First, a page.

Five Strategies to Manage Conflict at Work

A lot of people cringe when they even hear the word “conflict”, especially at their workplaces. But the truth is, conflict is a natural part of human interactions, and it won’t go away even if you close your eyes and wish really hard!

The good news:

There are techniques and ways of thinking everyone can learn that help you manage and even resolve conflict with co-workers, bosses, or employees. It can take practice, support, repetition and willingness to integrate and use these approaches well, but my clients, and I vouch for their effectiveness.

Here are a few effective strategies and mindsets to get you started:

  1. Accept that conflict happens. Conflicts will arise. You don’t need to blame yourself or someone else if you disagree. Instead, you can keep an open mind to focus on solutions.
  1. Manage your own emotions and responses. Are they saying or doing something that makes you want to explode or hide? Chances are the intensity of your reaction has to do with past experiences, not just the current problem. Becoming aware of what is getting triggered, and then separating the past from the present situation, will help you stay calm and present.
  1. Make the first move. Be willing to make the first move toward resolution, even if you think it is their fault and they should be the first to act. Do it anyway, and you will get the benefits.
  1. Be willing to listen. Each of us has our own way of framing and describing our experience. When we recognize that they have a different story about what happened, and become willing to listen to and understand their perspective, we can see more clearly how we got embroiled and how we might resolve the conflict.
  1. Take responsibility for your part. Did you do something wrong that affected someone else, lose your temper, or hurt someone’s feelings? Making mistakes is human and inevitable as well. I know I make mistakes every day. If you are willing to acknowledge your part, instead of reacting defensively, it can defuse conflict. This not does mean taking all the responsibility, but sincerely recognizing what you did that contributed to the problem.

The rewards of mastering conflict skills

It takes a lot of practice and willingness to become aware of your assumptions about the other person, and to change your behaviors and ways of thinking about conflict. But if you make these changes, step by step, you will reap rich rewards—including peace of mind, more energy for your work and your life, and better interactions with those around you.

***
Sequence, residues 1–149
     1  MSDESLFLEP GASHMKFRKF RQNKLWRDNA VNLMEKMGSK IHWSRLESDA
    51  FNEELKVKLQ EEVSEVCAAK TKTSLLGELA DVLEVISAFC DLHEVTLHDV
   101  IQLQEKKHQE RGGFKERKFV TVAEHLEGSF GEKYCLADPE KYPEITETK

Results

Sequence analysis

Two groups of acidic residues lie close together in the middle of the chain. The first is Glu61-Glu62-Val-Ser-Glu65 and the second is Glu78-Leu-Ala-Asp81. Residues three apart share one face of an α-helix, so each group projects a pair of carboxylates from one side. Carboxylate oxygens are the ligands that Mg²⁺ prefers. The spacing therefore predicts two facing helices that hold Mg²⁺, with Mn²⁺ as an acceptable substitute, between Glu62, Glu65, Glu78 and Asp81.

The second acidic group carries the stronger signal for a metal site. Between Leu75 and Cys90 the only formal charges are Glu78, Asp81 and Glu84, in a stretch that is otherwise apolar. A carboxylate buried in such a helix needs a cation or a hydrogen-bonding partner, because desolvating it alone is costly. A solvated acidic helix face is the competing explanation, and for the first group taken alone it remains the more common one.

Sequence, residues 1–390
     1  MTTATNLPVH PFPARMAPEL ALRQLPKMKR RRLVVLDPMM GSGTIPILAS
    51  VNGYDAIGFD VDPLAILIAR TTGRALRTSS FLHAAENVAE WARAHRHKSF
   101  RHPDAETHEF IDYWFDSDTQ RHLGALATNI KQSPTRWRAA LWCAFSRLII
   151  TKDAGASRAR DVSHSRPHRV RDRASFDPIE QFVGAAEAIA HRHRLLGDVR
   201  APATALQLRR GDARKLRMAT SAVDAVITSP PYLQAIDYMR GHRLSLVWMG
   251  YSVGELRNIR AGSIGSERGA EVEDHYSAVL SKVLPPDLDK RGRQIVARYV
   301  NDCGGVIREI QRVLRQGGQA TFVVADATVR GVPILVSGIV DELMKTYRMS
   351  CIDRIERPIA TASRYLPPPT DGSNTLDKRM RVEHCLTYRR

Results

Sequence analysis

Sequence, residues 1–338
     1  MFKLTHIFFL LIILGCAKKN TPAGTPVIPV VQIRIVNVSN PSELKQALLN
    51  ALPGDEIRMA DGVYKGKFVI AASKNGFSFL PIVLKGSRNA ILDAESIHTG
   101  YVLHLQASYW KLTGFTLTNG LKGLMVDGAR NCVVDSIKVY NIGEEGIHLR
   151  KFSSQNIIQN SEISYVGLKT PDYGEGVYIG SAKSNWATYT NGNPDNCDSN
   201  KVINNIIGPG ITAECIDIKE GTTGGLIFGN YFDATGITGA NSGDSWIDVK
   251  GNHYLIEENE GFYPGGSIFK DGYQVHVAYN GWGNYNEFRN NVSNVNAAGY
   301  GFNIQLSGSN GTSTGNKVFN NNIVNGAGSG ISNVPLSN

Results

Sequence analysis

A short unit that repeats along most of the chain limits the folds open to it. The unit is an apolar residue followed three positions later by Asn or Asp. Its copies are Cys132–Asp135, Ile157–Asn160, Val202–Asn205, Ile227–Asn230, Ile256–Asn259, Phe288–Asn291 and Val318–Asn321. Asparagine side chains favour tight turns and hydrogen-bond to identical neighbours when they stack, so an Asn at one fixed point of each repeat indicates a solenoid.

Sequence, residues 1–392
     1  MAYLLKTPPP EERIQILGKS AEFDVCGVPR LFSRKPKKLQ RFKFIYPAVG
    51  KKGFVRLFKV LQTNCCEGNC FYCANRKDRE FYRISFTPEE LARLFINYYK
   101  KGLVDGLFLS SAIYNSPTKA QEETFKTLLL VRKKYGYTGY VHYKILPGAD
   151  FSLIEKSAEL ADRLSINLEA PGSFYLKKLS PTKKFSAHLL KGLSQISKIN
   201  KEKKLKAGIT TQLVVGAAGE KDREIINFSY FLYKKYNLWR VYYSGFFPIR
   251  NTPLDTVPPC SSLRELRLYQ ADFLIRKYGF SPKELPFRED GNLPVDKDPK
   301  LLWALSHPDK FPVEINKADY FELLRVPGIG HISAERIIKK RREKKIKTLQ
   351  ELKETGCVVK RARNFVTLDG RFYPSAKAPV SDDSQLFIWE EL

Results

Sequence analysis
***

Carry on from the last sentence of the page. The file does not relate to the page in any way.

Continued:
Get good enough at it, and you may be seen as the “go to” person for helping others with their disagreements, an excellent way to demonstrate leadership abilities. Individual or group communication/conflict management coaching can offer you support, rehearsal, and guidance for strengthening these crucial skills.


Lorraine Segal

Lorraine Segal, M.A. is a Conflict Management and Communication Consultant, Coach, and Trainer. Through her own business, Conflict Remedy, Ms. Segal works with corporations and non-profits as well as governmental entities and individuals to promote harmonious and productive workplaces.  She is a consultant and trainer for County of Sonoma. And, at Sonoma… MORE >

Featured Mediators

View all

Read these next


Armed Conflict and Sexual Assault

Sending this in complete from Paris, noting that women, who hold civil society together in the course of armed conflict, are rarely at the table when peace is being negotiated. ...

By Victoria Pynchon

Is “Settling” A Dirty Word?

I pride myself on settling cases. Most of the time, somewhere near the beginning of the mediation hearing, I explain to the parties that what we're after is a "compromise",...

By Jan Frankel Schau

Gail Bingham: Starting Out in Environmental Mediation – Video

Gail Bingham describes her motivation for getting into the field of environmental mediation.

By Gail Bingham

Find a Mediator